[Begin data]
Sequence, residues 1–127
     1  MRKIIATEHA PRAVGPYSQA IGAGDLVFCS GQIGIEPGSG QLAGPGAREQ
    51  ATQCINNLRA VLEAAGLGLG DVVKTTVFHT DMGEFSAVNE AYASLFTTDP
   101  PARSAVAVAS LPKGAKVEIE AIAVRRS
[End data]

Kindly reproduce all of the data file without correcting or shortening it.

Sequence, residues 1–127
     1  MRKIIATEHA PRAVGPYSQA IGAGDLVFCS GQIGIEPGSG QLAGPGAREQ
    51  ATQCINNLRA VLEAAGLGLG DVVKTTVFHT DMGEFSAVNE AYASLFTTDP
   101  PARSAVAVAS LPKGAKVEIE AIAVRRS